Yakov Nekrich, associate professor, Department of Computer Science, has been notified that two scholarly papers he has authored were accepted by the 36th International Symposium on Computational Geometry (SoCG 2020), which takes place June 23-26, 2020, in Zurich, Switzerland.
The two papers are “Further Results on Colored Range Searching,” by Timothy M. Chan, Qizheng He, and Nekrich, and “Four-Dimensional Dominance Range Reporting in Linear Space” by Nekrich alone.
The Annual Symposium on Computational Geometry (SoCG) is an academic conference in computational geometry. Founded in 1985, it was originally sponsored by the SIGACT and SIGGRAPH Special Interest Groups of the Association for Computing Machinery (ACM). It dissociated from the ACM in 2014. Since 2015 the conference proceedings have been published by the Leibniz International Proceedings in Informatics Since 2019 the conference has been organized by the Society for Computational Geometry. (Wikipedia)
The Colleges of Computing and Engineering invite the campus community to a lecture by faculty candidate Chensheng Wu on Wednesday, March 4, 2020, at 3:00 p.m. in Chem Sci 101. (In the original announcement, the date of the talk was incorrect.) Wu’s talk is titled, “Design and implementation of computational optics: perception, control, and processing of light-field information and future challenges.”
Dr. Wu is an assistant research scientist in the Department of Electrical and Computer Engineering at the University of Maryland College Park, where he received a Ph.D. degree in ECE. His doctoral thesis, “the plenoptic sensor,” was was awarded distinguished dissertation honors. Wu also has a B.E. degree in micro-electronics and B.S. in economy, both from Tsinghua University, Beijing, China.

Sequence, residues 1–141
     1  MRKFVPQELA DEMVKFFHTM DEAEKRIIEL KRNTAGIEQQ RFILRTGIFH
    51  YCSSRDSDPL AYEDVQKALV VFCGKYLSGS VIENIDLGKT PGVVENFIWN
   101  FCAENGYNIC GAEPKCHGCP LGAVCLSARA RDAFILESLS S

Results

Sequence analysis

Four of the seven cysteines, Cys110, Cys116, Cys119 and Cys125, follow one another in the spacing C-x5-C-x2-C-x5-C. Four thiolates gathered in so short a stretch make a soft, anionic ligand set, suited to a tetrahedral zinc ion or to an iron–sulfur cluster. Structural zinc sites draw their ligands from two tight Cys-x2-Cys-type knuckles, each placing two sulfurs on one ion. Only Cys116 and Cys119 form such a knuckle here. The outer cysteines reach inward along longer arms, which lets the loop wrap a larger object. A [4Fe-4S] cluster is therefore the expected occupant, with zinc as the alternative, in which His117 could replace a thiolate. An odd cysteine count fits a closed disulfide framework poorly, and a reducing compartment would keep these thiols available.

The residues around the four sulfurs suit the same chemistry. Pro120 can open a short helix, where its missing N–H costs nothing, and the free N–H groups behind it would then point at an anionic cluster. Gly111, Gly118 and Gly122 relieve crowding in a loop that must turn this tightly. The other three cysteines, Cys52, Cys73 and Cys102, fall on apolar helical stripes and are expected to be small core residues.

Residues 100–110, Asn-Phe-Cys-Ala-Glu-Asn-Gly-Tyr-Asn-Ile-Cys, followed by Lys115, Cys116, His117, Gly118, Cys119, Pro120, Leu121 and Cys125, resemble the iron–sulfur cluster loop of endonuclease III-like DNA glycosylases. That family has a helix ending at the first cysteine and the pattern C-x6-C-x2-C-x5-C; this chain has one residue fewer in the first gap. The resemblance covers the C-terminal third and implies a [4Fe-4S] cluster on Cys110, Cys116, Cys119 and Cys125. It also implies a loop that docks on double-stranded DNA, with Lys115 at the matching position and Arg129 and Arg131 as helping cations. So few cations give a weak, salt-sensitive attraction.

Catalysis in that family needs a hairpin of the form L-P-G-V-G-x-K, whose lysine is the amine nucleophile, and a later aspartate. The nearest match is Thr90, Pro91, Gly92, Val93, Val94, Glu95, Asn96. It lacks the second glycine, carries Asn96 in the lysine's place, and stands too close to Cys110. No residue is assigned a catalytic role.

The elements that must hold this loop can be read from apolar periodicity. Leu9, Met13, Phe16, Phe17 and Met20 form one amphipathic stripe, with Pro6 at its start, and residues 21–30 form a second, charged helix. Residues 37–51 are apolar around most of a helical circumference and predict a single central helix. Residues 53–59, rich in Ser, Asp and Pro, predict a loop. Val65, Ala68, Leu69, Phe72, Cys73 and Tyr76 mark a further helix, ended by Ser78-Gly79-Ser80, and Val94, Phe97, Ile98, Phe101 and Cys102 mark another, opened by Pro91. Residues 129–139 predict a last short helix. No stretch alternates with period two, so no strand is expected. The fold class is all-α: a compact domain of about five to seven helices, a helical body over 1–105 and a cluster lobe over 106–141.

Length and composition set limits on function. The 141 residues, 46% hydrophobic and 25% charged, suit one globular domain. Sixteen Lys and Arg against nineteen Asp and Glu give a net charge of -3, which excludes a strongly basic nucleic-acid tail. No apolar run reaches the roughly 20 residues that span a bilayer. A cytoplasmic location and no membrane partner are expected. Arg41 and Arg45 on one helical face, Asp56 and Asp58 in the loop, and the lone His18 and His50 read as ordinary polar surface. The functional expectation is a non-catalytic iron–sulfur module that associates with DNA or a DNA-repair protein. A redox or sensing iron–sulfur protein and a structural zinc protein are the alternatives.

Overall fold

The emerging field of computational optics is growing rapidly, and it constantly requires newer sensors and computational architectures to satisfy the exploding needs in data collection and processing. Many other research disciplines, such as machine learning, the internet of things, data privacy, and security have also added great challenges to the means of collecting, processing and transmitting data.
The concept of using special optical structures or coded lenses to perform the computation along with data collection, encryption or transmission is becoming a favorable solution in countless applications.
In his talk, Wu will discuss his recent work on the use of new computational optics hardware in solving difficult problems in wavefront sensing, adaptive laser beam formation and correction, imaging through turbulence, detecting hidden objects through scattering media, and space optics. He will discuss how these recent discoveries reveal the potential of specially designed optical structures for computing, and share examples of how future computational optics will take part in sensing, communication, and computation. Wu will conclude his talk with a monologue on predicting the future of computational optics.
Wu is an advocator for computational sensing using optical and photonics approaches. He is a leading scientist on multiple projects funded by the Office of Naval Research (ONR) and the Directed Energy Joint Technology Office (DE-JTO) Wu’s innovations of the plenoptic sensor, multi-aperture laser transmissometer, computational beam shaping with two deformable mirrors, and lossy sensing-based adaptive optics correction have become well-known.
Wu has also worked with the Naval Air Warfare Center Aircraft Division (NAWCAD) to configure a new approach to identify and profile hidden objects in murky water environments. He is recognized as a key contributor to NASA’s next generation lunar reflector (NGLR) task to put three new retro-reflectors on the Moon for lunar laser ranging experiments in the 21st Century. Wu is also a team member in the joint collaboration of the Lunar Geophysical Network.